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OPINION article

Front. Reprod. Health, 06 January 2023
Sec. Gynecology
Volume 4 - 2022 |

Advantages of individualizing the placenta accreta spectrum management

José Miguel Palacios-Jaraquemada1 Álbaro Jose Nieto-Calvache2,3* Rozy Aditya Aryananda4 Nicolás Basanta5
  • 1Department of Gynaecology, Otamendi Hospital, Buenos Aires, Argentina
  • 2Clínica de Espectro de Acretismo Placentario, Fundación Valle del Lili, Cali, Colombia
  • 3Latin American Group for the Study of Placenta Accreta Spectrum, Cali, Columbia
  • 4Dr. Soetomo Academic General Hospital, Universitas Airlangga, Surabaya, Indonesia
  • 5Department of Obstetrics an Gynaecology, Hospital General de Agudos Juan A Fernández, Buenos Aires, Argentina

Placenta accreta spectrum (PAS) is an entity with a wide range of clinical presentations. From cases with “mild” lesions requiring moderate surgical effort and are associated with few complications (1), to severe ones with a challenging management and life-threatening risk (2).

Individualizing the management of PAS patients is essential, especially when a significant percentage of women undergoing PAS surgery ultimately do not have this diagnosis or present superficial or focal lesions (3). In addition, let's not forget that some women wish to preserve their fertility (4) or that vascular interventions or the hysterectomy itself can cause additional morbidity (5).

However, customizing the management of PAS seems complicated. Choosing the ideal management for each patient is a task for personal and institutional reasons.

Although multiple treatments have been described (6, 7), frequently, each PAS team adopts one strategy for all cases and specializes in its performance. Applying this type of intervention becomes the norm for all patients with PAS presenting at a specific hospital. Additionally, historic international consensus focuses on hysterectomy as the standard treatment, mentioning other management alternatives as secondary options “only” for exceptional cases (6, 8). There is practically no doubt that supervised training modify this previous concept.

On the other hand, the preoperative classification based on the severity of the placenta invasion needs a subsequent histological analysis (9). Therefore, pathologic tissue analysis does not help make decisions on the table, and histological study is subject to multiple biases.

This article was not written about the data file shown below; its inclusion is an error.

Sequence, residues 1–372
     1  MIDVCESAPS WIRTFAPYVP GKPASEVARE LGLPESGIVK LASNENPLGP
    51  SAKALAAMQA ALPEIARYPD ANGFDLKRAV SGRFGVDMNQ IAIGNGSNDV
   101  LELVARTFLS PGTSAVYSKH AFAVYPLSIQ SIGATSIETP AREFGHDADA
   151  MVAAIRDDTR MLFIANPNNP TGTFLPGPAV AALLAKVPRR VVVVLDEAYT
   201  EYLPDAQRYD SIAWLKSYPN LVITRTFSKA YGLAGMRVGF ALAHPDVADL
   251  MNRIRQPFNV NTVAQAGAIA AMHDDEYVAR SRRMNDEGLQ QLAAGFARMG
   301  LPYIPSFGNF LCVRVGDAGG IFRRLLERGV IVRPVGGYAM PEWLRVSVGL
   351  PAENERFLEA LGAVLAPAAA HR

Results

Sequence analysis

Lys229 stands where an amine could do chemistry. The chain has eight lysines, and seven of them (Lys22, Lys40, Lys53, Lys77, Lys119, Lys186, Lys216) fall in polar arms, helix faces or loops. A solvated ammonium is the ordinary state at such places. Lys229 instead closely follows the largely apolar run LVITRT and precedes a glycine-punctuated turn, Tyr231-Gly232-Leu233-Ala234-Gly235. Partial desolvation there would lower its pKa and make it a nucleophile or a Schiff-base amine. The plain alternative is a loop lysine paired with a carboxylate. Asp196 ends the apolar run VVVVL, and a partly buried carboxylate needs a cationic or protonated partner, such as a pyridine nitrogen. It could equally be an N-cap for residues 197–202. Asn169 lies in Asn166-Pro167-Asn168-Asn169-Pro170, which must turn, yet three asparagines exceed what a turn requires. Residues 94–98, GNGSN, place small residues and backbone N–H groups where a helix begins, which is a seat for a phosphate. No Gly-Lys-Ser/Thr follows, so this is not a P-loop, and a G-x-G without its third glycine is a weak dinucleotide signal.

The placenta invasion topography is closely related to surgical complexity and maternal morbidity (10). Placenta invasion below the peritoneal reflection implies more significant risks due to reduced space, extrauterine arterial pedicles’ multiplicity, and requirement for adequate vascular control strategies (11, 12).

It is essential to validate an applicable classification before non-reversible maneuvres (that is, before incising the uterus and causing bleeding) that also suggests a specific type of treatment according to the characteristics of each case. The accurate dissection of coalescence pelvic fascia's spaces allows using avascular spaces with minimal tissue manipulation to have a precise diagnosis and avoid possible complications, this is the principle of intraoperative PAS staging. Additionally, the surgical staging allows getting objective PAS information that could be missing after prenatal ultrasound (13).

Although it is possible to make a diagnostic approach based on the results of prenatal images (ultrasonography and MRI), it is during the laparotomy for the cesarean section when the surgeon can use safe and straightforward dissection techniques to establish the affected area of the uterus, and consequently, the risk of massive bleeding or organ injury.

Topographic classification seeks to define which uterine wall is affected (anterior, lateral, or posterior), the presence of lesions above the level of peritoneal reflection (high lesions) or below that level (low or “subperitoneal” lesions), and the nature of the lesion (characterized by neovascularization or with the presence of fibrosis between the uterus and neighboring organs). The main objective of the intraoperative topographic classification of PAS (14, 15) is to use the most suitable PAS treatment according to objective surgical findings.

Each of the possible affected uterine areas is related to well-defined anatomical arterial pedicles and neighboring structures (urinary and vascular) that determine the surgical difficulty and the recommended dissection and management strategies (16) (Figure 1).